The Golden Boys in the Maine WoodsJune 18, 2007
I’d never heard of the Golden Boys before, but — well, I just had to get The Golden Boys in the Maine Woods. I think I’d better just transcribe the first paragraph:
The sun was hardly half way over the horizon when the door of a small log cabin some fifty feet from the shore of Moosehead Lake opened, and a boy about nineteen years old stepped out. He was dressed only in a pair of swimming trunks and his perfectly formed body, brown as a nut, made a pretty picture against the background of the cabin as he paused to draw into his lungs huge drafts of the spruce scented air. In a moment he was joined by another boy a little younger and not quite as tall, but no less beautifully developed.
The author is L.P. Wyman, Ph.D., Dean of the Pennsylvania Military College.
The rest of the book contained a lot less shirtlessness than I expected, but otherwise it was pretty action-packed.
First Bob and Jack Golden get their motorcycles stolen. Then:
They put out a fire in the house of some boys they know.
They find a box with directions to buried treasure.
Their canoe is stolen; they find it.
Their Indian friend Kernertok helps them mind their motorcycles.
They go off in search of the treasure. One this expedition:
They are chased by a bear;
The bear turns out to live in the cave where the treasure is supposed to be;
And they are held up by a pair of starving criminals.
They return home to find that Kernertok has fallen off a cliff and his dog Sicum has been poisoned; both eventually get better.
They rescue a girl from drowning, which, somewhat enjoyably, involves Jack punching her in the face.
Bob, Jack, and Kernertok set out to have another look for the treasure; they plane to dig a pit in which to keep the bear while they have a look at her cave.
They help some agents of the Revenue Service round up some moonshiners.
There is a rainstorm.
They trap the bear.
They are shut inside the cave after a tree falls down and knocks a stone on front of the entrance.
They pray a lot.
Eventually they find a way out.
They spend a day opening up the entrance to the cave again.
They find the treasure: a small box that contains several diamond rings.
The End, except that I’m sure I’ve forgotten many of the things that happened to the Golden boys. There was rather a lot of hand-holding, and pretty much everyone eats lots of trout and biscuits. If there’re two things that the author is really trying to make clear, aside from that people in sticky situations should pray a lot rather than looking for a way out, they are that Jack is very quick at catching and frying trout, and that Bob makes really, really good biscuits.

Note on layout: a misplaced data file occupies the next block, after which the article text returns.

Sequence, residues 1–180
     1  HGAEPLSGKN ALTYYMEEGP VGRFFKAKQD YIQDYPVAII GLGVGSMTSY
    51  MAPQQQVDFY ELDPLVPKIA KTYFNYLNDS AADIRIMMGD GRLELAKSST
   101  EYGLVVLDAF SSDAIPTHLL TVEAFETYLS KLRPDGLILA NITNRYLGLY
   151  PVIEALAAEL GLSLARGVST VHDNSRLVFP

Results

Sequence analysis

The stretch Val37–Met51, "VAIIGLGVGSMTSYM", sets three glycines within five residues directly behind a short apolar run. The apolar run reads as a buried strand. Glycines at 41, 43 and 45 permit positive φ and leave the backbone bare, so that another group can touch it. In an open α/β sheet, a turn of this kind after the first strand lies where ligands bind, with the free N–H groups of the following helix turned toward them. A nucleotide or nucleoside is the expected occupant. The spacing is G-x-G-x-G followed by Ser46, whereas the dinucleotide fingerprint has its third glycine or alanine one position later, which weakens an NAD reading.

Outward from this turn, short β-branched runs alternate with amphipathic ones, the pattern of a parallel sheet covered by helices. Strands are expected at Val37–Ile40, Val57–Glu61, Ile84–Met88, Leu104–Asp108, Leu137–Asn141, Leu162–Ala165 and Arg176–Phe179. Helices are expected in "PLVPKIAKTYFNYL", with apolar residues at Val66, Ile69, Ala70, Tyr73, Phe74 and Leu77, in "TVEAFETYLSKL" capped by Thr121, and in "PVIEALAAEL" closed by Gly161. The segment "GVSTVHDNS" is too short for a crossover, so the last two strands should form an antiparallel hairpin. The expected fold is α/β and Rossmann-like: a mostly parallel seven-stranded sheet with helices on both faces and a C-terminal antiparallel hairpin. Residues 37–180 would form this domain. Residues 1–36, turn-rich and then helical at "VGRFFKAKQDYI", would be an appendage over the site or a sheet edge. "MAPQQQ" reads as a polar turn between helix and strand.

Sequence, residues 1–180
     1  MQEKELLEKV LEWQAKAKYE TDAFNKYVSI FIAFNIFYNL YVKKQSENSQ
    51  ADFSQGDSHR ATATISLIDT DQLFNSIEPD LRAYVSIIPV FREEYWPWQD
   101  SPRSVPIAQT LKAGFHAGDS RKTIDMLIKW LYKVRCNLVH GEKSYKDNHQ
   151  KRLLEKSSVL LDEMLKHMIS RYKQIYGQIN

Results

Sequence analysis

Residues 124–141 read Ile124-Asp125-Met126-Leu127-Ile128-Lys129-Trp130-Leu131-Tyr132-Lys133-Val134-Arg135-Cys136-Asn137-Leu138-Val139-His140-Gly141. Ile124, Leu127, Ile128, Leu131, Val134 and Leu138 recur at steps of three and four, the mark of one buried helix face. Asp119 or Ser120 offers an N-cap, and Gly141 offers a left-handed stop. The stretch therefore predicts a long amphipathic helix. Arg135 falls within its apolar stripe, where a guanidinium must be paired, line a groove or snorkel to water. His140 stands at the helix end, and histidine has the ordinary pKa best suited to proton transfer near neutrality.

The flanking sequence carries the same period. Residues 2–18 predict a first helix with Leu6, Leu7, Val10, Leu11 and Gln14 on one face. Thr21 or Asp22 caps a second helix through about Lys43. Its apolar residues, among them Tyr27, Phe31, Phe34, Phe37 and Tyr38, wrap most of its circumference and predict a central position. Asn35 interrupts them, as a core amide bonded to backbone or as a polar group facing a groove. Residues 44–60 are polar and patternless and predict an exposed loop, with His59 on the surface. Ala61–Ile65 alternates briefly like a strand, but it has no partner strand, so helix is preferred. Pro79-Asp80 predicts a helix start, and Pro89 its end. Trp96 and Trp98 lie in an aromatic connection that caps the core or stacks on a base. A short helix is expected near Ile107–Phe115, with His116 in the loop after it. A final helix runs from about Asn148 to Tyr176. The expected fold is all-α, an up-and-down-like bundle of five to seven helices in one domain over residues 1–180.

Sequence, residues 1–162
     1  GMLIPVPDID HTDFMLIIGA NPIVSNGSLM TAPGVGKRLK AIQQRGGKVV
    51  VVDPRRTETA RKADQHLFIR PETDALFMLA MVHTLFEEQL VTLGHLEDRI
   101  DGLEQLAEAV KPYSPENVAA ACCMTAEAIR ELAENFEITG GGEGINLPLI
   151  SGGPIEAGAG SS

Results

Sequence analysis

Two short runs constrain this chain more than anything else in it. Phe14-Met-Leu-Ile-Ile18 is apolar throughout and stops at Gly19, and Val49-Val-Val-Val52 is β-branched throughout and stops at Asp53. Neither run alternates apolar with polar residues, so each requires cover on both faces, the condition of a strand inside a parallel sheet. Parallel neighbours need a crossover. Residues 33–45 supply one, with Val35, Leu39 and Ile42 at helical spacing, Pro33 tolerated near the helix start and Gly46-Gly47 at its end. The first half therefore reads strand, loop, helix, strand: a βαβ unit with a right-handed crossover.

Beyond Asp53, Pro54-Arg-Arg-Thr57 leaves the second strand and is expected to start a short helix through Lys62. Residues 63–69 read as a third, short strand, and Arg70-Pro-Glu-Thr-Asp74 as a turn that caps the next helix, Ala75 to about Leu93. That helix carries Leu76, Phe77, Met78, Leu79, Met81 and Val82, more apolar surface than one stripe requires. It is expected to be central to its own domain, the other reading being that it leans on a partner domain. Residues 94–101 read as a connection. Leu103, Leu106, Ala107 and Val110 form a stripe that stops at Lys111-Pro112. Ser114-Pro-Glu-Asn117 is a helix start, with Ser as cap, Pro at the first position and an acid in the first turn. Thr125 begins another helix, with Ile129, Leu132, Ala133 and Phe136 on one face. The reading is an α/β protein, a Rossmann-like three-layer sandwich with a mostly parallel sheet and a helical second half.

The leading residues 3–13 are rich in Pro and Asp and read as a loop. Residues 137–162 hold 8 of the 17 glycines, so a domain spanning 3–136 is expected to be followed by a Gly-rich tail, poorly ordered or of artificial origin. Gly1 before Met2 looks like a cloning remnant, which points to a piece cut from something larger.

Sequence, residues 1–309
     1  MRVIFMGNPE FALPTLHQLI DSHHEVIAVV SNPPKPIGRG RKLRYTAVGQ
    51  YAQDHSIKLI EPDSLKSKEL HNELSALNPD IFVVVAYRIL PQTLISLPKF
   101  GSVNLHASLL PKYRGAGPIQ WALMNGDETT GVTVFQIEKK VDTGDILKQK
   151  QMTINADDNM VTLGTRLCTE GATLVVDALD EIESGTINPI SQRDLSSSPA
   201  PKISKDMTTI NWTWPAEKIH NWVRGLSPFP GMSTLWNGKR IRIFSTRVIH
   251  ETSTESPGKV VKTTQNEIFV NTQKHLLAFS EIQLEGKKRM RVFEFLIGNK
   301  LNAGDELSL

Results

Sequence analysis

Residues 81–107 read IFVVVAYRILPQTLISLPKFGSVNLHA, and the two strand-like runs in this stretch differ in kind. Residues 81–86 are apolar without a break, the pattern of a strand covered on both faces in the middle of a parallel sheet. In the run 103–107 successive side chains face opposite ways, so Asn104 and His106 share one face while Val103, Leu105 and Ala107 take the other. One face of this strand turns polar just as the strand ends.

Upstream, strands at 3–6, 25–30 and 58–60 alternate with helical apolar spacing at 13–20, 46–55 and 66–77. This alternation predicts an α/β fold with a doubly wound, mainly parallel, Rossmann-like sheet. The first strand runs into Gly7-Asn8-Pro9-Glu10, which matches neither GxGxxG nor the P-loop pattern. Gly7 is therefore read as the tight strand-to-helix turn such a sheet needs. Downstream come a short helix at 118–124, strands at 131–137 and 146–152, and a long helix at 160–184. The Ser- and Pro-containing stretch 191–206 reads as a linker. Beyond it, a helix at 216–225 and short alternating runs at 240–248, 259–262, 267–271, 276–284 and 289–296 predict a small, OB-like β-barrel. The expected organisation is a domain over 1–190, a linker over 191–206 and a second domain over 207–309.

There’re also a bunch of ads in the back of this one, but only one page is really worth transcribing:
The Jack Lorimer Series, By Winn Standish
Captain Jack Lorimer; or, The Young Athlete of Millvale High.
Jack Lorimer is a fine example of all-around American high-school boys. His fondness for clean, honest sport of all kinds will strike a chord of sympathy among athletic youths.
Jack Lorimer’s Champions; or, Sports on Land and Lake.
There is a lively story woven in with the athletic achievments, which are all right, since the book has been O.K’d. by Chadwick, the Nestor of American Sporting journalism.
Jack Lorimer’s Holidays; or, Millvale High in Camp.
It would be well not to put this book into a boy’s hands until the chores are finished, otherwise they might be neglected.
Jack Lorimer’s Substitute; or, Acting Captain of the Team.
On the sporting side, this book takes up football, wrestling, and tobogganing. There is a good deal of fun in this book, and plenty of action.
Jack Lorimer, Freshman; or, From Millvale High to Exmouth.
Jack and some friends he makes crowd innumerable happenings into an exciting freshman year at one of the leading Eastern colleges. The book is typical of the American college boy’s life, and there is a lively story, interwoven with feats on the gridiron, hockey, basketball, and other clean, honest sports for which Jack Lorimer stands.